Opinion: Frets emerge at RSA over Microsoft's growing presence in the security realm.
There was a palpable sense of anxiety among attendees and exhibitors at the RSA Conference earlier this month, and not just because the show was in the fun-free zone that is San Jose, Calif., instead of San Francisco this year.
The real source of the concerns was Microsoft, a company that has worried security experts for years, but usually because of the vulnerabilities in its software.
Now, the fretting centers on all the moves that Microsoft is making to build security into Windows and its other products.
Critics have been pushing the company to do that for years, but there is a very real sentiment in the industry that Microsoft may eventually push more than a few security vendors out of the market.
The theory holds that once Microsoft integrates protections such as anti-spyware, anti-virus, identity management and others into Windows Vista, those technologies will quickly become commodities.
And that translates into a quick and painful death for companies trying to make a business out of selling said commodities.
This then leads to fewer choices for users, which is bad for everyone. Except Microsoft. Or so the theory goes.
Could this happen? Sure. But it seems unlikely, for a number of reasons.
The most obvious problem with this thinking is that the security features that Microsoft is putting into Vista will be great for consumers, but they wont be nearly strong enough to displace existing solutions in the enterprise.
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Most IT managers arent going to suddenly rip out their Norton or McAfee anti-virus software just because Windows has an integrated anti-virus program.
And even if Microsoft does make some headway with getting its anti-virus capabilities on the desktop, enterprises are always going to have to run gateway scanners, too.
The same goes for the anti-spyware capabilities in Vista. Nice for consumers, not enough for enterprises.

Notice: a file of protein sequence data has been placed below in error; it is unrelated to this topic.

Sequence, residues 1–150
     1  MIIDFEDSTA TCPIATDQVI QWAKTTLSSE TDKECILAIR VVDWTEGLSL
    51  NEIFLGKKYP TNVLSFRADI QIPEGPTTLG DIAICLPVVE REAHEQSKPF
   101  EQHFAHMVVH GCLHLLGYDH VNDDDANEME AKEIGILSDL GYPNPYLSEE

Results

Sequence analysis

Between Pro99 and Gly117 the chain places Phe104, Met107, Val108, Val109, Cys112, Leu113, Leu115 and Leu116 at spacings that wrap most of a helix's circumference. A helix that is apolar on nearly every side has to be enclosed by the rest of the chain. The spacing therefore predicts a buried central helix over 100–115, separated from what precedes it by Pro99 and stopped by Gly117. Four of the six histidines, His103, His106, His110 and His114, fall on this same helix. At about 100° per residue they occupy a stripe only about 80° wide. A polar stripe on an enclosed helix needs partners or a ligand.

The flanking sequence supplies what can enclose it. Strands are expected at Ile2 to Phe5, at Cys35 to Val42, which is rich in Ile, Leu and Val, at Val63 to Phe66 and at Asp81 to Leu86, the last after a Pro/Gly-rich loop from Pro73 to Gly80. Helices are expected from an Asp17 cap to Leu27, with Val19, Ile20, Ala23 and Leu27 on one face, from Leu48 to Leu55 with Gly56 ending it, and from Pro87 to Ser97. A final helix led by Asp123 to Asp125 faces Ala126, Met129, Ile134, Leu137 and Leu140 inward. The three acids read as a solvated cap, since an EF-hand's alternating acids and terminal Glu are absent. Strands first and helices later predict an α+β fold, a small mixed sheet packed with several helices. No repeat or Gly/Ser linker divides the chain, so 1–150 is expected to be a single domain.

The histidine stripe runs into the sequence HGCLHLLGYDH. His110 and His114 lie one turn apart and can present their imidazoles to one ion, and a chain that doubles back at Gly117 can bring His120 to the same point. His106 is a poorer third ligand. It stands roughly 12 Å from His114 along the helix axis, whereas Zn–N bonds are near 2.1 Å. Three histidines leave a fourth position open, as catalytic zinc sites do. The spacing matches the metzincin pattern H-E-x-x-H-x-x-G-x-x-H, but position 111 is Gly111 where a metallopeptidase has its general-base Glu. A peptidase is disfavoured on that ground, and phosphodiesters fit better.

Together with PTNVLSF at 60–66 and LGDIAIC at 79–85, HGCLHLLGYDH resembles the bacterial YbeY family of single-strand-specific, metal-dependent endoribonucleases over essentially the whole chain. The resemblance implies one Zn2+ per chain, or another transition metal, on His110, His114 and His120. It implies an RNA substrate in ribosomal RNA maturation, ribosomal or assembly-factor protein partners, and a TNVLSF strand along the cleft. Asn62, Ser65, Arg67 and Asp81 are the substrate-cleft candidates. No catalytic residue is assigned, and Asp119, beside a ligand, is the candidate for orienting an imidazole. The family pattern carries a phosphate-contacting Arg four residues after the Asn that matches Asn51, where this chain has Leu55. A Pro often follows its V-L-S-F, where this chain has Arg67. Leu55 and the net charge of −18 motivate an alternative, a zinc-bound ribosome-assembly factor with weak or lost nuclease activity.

The one area where Microsoft will likely have a large advantage with the integrated security in Vista and "Longhorn" is the NAP (Network Access Protection) technology.
There are several companiesincluding McAfee and Cisco Systemsalready in the market with NAP-like offerings. But none of those offerings has gotten very much attention in the enterprise yet, so Microsoft will not be very far behind when Vista hits the shelves next year.
I heard a lot of brave talk from NAC (Network Admission Control), anti-spyware and anti-virus vendors at RSA about how Microsoft getting into these markets validates them and just makes potential customers more aware of other solutions.
This has always been a specious argument, and thats especially true when were talking about Microsoft, a company that has the money, people and resourcefulness to do pretty much anything Bill Gates wants it to do.
Go ask the folks at Netscape how validated they felt by their experience competing against Microsoft.
The other main problem with the Microsoft-will-eat-the-security-industry theory is that some of these technologies are already commodities, or close to it, and there are still a lot of companies making money selling them.
There are a number of perfectly usable and efficient anti-spyware and anti-virus tools that can be had for free, but Symantec, McAfee and Trend Micro still sell millions of copies of their anti-virus products every year.
So while its doubtful that the dawn of Vista will also be the death knell for a large number of security vendors, the reality is that it will likely make things tough on many of them.
Microsoft has a long history of not getting things right until the third or fourth version of a new product. But once it does get it right, it usually finds a way to make a lot of money.
News Editor Dennis Fisher can be reached at email@example.com.
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